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Last week, we blogged about the pressures of starting a new job and offered a few tips about putting your best foot forward in an unknown office environment. But what about the best practices when a colleague or employee is the new face in the company?

Those just starting off may feel under stress trying to find their place within the office culture. By offering your support, even through minor gestures, you are working to build solid relationships within your company – and you even may be fostering a connection that could prove strategic in the future.

Here are some methods for building great connections between colleagues, starting from the first day onward:

First Things First: Introductions

This may seem obvious, but if there is no organized introduction of the new staff member to the office, it can be easy to get distracted with work and completely miss a formal introduction! Take two minutes out of your routine to approach a new colleague and introduce yourself and your role within your organization. Learn about his or her work history and interests. Starting with an introduction beyond simply names will help the new colleague to get to know the staff faster.

Be Available to Help – But Don’t Overdo It

Make it clear to the new employee that you are available for questions and assistance if necessary. However, one of the best ways to learn is through experience, and in a new job we all learn from trial and error and on-the-spot training. So, don’t crowd your new colleague or impede on his or her learning process, but even knowing you are there to help will prove comforting to a new employee when an answer or process is not clear.

Extend an Invitation

Do you and your co-workers go out to dinner on Fridays, or do you occasionally leave the office for lunch off-site? If so, invite your new colleague along to one of these outings. Socializing with staff members in a more casual setting will help the new person to feel more comfortable in the office environment. If you don’t go out with colleagues on a regular basis, consider organizing a lunch date and provide an open invitation to the office as an opportunity to get to know your latest employee.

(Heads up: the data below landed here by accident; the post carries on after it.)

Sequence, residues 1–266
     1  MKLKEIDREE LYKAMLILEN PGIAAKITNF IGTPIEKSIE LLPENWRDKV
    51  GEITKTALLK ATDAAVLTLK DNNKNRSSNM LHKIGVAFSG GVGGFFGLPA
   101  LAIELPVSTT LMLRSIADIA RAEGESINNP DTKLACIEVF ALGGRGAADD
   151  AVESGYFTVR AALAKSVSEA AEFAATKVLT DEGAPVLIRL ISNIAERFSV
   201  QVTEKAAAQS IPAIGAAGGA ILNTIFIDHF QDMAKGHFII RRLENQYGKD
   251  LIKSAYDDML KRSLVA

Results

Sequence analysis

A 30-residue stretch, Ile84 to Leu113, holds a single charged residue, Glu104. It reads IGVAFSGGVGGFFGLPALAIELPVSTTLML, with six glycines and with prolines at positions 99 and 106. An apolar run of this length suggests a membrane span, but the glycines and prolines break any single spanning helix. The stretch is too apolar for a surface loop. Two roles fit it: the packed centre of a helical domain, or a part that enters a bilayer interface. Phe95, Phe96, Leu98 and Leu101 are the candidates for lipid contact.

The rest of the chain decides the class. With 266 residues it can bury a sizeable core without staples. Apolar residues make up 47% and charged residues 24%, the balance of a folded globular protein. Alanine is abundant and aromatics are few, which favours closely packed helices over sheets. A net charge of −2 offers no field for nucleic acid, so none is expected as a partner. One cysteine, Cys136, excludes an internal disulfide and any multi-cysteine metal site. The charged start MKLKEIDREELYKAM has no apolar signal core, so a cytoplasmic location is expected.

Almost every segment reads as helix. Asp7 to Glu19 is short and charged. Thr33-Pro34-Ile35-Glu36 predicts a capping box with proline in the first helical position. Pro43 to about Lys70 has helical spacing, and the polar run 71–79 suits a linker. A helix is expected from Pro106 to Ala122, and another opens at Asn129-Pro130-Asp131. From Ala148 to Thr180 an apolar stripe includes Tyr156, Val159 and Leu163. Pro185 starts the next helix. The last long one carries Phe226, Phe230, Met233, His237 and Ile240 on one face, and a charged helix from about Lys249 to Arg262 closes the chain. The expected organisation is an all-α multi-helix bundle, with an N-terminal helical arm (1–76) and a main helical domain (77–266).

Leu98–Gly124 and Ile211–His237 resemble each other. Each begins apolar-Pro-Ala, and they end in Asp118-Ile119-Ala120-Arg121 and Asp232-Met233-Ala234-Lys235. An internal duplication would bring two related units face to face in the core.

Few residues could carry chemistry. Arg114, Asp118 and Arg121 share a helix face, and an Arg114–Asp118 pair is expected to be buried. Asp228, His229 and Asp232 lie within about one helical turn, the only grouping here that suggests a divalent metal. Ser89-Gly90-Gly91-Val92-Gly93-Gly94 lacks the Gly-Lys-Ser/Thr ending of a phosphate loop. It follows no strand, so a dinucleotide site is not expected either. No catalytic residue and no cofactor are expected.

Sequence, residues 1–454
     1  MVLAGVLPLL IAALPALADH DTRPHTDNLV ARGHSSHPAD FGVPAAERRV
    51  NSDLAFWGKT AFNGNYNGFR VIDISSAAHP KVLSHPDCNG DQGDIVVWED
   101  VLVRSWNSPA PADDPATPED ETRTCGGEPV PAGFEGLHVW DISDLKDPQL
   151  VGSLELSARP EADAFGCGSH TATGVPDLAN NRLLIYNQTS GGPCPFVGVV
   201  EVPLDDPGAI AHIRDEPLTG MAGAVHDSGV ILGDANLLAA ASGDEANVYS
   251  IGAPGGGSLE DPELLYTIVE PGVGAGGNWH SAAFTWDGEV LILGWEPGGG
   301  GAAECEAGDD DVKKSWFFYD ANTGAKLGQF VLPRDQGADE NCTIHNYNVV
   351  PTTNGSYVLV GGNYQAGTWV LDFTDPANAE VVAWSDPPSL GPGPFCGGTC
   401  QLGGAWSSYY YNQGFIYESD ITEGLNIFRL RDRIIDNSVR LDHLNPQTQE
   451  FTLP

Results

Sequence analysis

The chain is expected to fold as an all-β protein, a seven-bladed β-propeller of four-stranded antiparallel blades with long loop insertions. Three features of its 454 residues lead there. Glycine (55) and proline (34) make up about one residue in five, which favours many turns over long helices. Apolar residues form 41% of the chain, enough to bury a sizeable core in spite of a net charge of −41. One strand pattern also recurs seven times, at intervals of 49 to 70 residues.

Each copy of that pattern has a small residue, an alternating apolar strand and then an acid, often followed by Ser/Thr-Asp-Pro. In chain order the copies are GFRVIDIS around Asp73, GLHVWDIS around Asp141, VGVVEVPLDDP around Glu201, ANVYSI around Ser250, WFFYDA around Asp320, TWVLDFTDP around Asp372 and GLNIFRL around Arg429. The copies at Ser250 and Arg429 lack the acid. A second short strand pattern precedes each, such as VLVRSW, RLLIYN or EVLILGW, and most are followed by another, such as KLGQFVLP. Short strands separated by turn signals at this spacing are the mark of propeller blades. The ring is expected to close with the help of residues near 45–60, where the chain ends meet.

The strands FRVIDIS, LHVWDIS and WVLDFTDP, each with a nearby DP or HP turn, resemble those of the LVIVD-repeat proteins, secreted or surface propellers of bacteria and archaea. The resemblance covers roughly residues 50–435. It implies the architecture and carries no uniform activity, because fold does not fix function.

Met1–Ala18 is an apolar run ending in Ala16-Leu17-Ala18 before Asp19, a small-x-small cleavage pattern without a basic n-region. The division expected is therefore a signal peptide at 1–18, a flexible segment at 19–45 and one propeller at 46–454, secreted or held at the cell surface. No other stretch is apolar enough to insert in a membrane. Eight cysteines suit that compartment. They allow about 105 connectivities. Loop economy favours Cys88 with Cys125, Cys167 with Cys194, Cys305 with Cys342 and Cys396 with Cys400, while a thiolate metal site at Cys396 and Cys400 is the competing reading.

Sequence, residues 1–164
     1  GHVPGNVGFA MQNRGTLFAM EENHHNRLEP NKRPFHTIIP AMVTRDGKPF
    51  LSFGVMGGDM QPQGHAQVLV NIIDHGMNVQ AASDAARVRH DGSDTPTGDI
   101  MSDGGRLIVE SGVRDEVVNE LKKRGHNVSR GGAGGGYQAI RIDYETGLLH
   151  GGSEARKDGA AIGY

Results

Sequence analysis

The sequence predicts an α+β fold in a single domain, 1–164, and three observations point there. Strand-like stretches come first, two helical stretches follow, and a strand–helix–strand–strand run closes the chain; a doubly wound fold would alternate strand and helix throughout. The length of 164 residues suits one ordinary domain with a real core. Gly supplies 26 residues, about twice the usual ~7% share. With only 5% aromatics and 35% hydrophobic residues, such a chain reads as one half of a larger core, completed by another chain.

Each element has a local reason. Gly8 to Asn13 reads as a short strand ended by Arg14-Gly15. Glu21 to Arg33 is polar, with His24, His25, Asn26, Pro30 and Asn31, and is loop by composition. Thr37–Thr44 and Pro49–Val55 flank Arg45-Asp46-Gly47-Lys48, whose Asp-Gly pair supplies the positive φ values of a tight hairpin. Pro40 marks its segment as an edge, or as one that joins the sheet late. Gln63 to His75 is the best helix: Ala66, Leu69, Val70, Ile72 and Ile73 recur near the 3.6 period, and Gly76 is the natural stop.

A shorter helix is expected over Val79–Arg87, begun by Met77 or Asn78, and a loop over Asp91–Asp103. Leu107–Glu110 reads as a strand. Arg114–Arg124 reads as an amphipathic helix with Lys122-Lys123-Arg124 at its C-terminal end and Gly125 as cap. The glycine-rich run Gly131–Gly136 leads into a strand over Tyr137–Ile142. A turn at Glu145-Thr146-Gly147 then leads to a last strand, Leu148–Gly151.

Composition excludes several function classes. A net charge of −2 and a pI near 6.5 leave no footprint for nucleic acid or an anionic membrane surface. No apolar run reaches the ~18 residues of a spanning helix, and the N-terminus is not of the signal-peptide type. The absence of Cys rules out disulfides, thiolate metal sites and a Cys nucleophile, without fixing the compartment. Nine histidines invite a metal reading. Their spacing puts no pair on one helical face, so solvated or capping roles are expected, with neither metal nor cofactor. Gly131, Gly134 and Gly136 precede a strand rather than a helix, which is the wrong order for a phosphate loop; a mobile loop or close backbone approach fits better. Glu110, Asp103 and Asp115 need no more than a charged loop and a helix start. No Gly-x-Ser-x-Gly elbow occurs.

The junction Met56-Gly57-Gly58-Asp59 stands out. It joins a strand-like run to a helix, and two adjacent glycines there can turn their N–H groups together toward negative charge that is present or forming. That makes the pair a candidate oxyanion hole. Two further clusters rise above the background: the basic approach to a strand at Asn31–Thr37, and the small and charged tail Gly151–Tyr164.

Office Culture and Environment

Helping a new colleague understand the office culture can be immensely useful as they are finding a place within the company. However, be wary of engaging in gossip; don’t share negative information about colleagues or behaviours in the office as a means to explain the office atmosphere.

Providing guidance on the office space will also be beneficial to a new member of the team. Help to orient, not only in the office itself but also in the surrounding area – such as where the best lunch spots are or the nearest bank and post office.

Mentorship: What’s in it for you

Reaching out to a new colleague from day one could develop into a mentor-mentee relationship. There are many benefits to becoming a mentor: as time passes, you could learn new things as your mentee shares his or her own perspective or an alternative generational outlook. This relationship will also allow you to refine and display your management skills, which may help you to advance in your company.

For more information: check out this great blog post from Forbes.com, which advises women in the workplace on how mentorship can boost a career.

Being “the new person” is an experience that everyone must undergo at some point. Make the most of this situation by lending a helping hand to a new colleague – and watch its benefits unfold for the both of you!